Japan has unveiled further reforms to revitalise the country’s economy and restore its global competitiveness.
They include phasing in corporate tax cuts and a bigger role for women and foreign workers.
But Prime Minister Shinzo Abe did not announce the sweeping economic overhaul many had expected, and economists point out he faces major resistance to change from Japan’s business world and bureaucrats.
Abe himself accentuated the positive saying: “Rising corporate revenues are leading to more jobs and higher wages. It is this sort of positive cycle that is starting to emerge.”
One important reform measures is a cut in corporate tax, promised for next year, to below 30 percent from the current level of over 35 percent – among the highest in the world.
The US is higher with 35 percent federal tax, plus what states levy. In France the level is 33 percent and in Britain it is 20 percent.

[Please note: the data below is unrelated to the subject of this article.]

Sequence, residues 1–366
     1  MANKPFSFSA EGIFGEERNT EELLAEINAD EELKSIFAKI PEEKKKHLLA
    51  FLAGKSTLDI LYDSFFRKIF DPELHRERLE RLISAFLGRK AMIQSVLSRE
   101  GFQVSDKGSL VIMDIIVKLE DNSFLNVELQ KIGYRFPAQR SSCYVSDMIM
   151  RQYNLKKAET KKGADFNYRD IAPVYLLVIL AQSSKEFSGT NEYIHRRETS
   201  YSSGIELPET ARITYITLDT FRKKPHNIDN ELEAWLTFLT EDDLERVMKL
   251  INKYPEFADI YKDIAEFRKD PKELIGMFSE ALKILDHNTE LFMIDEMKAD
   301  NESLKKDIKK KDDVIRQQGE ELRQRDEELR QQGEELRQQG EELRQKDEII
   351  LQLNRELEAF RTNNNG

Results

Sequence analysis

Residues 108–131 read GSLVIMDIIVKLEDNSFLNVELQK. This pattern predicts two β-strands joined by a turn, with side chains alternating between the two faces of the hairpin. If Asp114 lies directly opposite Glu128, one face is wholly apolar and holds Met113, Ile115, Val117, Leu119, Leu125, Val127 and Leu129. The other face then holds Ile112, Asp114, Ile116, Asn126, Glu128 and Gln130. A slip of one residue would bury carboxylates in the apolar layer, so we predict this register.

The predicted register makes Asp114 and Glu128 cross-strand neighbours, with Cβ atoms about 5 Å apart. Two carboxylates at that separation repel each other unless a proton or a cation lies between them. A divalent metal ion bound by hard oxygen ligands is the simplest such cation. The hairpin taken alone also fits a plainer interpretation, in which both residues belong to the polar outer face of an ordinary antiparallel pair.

Abe’s package includes steps to increase the number of highly skilled foreign workers, and expand a controversial foreign trainee programme, which has been accused of exploiting participants.
As well as foreign workers, Japan needs to encourage greater investment from abroad. It is falling behind other Asian countries, such as Singapore.
Japan’s government is also urged the nation’s business leaders to do more to boost the role of working women. That is seen as vital due to the shrinking workforce in one of the world’s most rapidly ageing societies.
Another aspect of the growth strategy is the boosting of productivity through a “robotic revolution”, but experts have warned that even with automated aid it will take years for Japan to achieve the necessary growth.
“Even after the government growth strategy is announced, various legislation must be enacted and it will take time for companies to begin to act. Therefore, it will be 10 to 20 years before the potential growth rate rises,” said Kenji Yumoto, vice chairman of the Japan Research Institute.
Yumoto said it was possible, but very difficult, for Japan to hit the 2 percent growth level the government says is needed to reduce its mammoth public debt.
This was the so-called “Third Arrow” of Abe’s strategy to revitalise Japan. The first two “arrows” are massive monetary easing, which has helped push up asset prices, and government spending to stimulate demand.
with Reuters and AP